“Climate scientists are concerned that the increase in carbon
dioxide is causing global warming, and this may cause a rise in sea
level, changing precipitation patters, droughts, heat waves, and
more.” (Kennedy)
Here is the citation for the Works Cited page:
Kennedy, Caitlyn. "Climate Change: Atmospheric Carbon
Dioxide.", 30 Aug. 2009. Web. 26 June
2014. <>.
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Be sure to keep list of all the resources that you use as
you take notes. For quotations or important ideas or
data, record the page numbers too.
Once you write your paper, be sure to give credit for
the information, quotations, and ideas on the Works
Cited page.
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Works Cited
At the end of the paper, include a correctly formatted
list of all resources consulted to write the paper.
Be sure to include all online resources, books,
magazines, newspapers, videos, etc. that you reviewed.
Which Style?
Find out if your school or
teacher requires a certain
Citation Style…
Works Cited
Determine if your resource is a…..
Book (basic, dictionary, encyclopedia, etc.)
Periodical (magazine, journal, or newspaper)
Multimedia (cartoon, art, advertisement, map, sound
recording, video, etc.)
Communication (speech, personal interview, radio or
TV program, etc.)
Online article or web site
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Online Citation Creators
The easiest way to create a Works Cited page is to use a
reliable online citation creator.
You can enter all the information required, produce
the citation, and copy it into your Works Cited page.
Recommended Citation
KnightCite from the Hekman Library at Calvin
College in Grand Rapids, MI
Free and available for MLA, APA, and Chicago Styles
You can register for free and save your citations, or you
can create your citations and copy and paste into your
own documents as you go….
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Recommended Citation
Son of Citation Machine
Free and available for APA, MLA, Chicago or Turabian
You create your citations and copy and paste into your
own documents as you go….
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Recommended Citation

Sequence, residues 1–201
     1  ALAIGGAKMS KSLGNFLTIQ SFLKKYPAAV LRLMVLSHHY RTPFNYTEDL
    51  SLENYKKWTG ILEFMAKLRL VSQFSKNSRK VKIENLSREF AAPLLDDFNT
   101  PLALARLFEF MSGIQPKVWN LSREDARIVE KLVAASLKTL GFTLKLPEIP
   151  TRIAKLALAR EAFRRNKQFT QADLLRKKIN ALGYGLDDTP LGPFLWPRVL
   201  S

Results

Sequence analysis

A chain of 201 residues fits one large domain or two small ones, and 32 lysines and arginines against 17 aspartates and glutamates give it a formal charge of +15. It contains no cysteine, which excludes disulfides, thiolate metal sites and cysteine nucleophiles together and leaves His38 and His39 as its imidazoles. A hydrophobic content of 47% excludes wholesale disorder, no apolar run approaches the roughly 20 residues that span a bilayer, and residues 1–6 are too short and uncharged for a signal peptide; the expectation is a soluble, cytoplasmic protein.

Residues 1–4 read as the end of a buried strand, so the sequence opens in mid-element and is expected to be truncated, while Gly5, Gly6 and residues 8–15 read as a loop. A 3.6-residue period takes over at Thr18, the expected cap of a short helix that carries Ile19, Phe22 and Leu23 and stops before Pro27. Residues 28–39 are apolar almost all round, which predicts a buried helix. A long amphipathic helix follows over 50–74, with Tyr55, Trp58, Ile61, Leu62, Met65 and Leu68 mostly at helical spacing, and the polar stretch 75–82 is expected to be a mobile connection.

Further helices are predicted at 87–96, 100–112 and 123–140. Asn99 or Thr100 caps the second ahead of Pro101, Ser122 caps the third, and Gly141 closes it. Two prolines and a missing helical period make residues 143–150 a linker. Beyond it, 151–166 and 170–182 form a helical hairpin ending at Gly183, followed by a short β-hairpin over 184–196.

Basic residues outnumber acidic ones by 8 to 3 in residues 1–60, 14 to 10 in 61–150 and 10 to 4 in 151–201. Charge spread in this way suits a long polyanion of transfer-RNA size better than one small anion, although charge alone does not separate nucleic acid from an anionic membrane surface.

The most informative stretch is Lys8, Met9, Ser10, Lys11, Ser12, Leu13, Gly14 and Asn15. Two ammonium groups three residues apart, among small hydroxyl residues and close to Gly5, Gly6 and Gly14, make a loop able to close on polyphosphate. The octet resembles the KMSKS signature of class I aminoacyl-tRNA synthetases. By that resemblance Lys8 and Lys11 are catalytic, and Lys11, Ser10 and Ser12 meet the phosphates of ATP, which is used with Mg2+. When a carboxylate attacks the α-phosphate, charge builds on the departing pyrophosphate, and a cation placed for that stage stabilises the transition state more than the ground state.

Noodle Tools MLA Lite--Free and available for MLA (requires
registration, but it’s free)
NoodleTools Express—Access the full range of Advanced MLA,
APA, and Chicago forms (single citations only, no login required)
You create your citations and copy and paste into your own
documents as you go….
Image used with permission from NoodleTools
Recommended Citation
Free and available for MLA only
You can create your citations and copy
and paste into your own documents as you
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Additional Recommended
Purdue University Online Writing Lab (OWL)—How to
conduct research, use research, and how to create
citations (This is an excellent resource!)
Internet Public Library Research and Writing Tips
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"Chimpanzee." National Geographic Animals. National Geographic, n.d. Web. 27 June
2014. <>.
Easy Bib. N.p., n.d. Web. 27 June 2014. <>.
KnightCite. Hekman Library at Calvin College, n.d. Web. 28 June 2014.
"Links to Citation Resources." Ed. Dr. Michael Bell and Carole Bell.
Infotopia, n.d. Web. 27 June 2014. <>.
Ray, Mark. "[email protected] I have to cite my sources!." Vancouver Public
Schools, 2009. Web. 27 June 2014.
Research and Citation Resources. The Online Writing Lab (OWL) at Purdue University,
n.d. Web. 27 June 2014. <>.
Schwartz, Kathryn L. A+ Research and Writing for High School and College Students.
Internet Public Library, n.d. Web. 27 June 2014. <>.
Warlick, David. Son of Citation Machine. Landmark for Schools, 29 Oct. 2000. Web.
28 June 2014. <>.
All images used in this presentation are from Google Advanced
Search and are classified as “free to use, share, or modify, even
commercially.” Citations are included on each slide.
The music was created by the author on GarageBand.
This presentation was created by Carole Bell and is licensed as:
Attribution-NonCommercial-NoDerivatives 4.0 International (CC
BY-NC-ND 4.0)
Contact the author for more information at [email protected]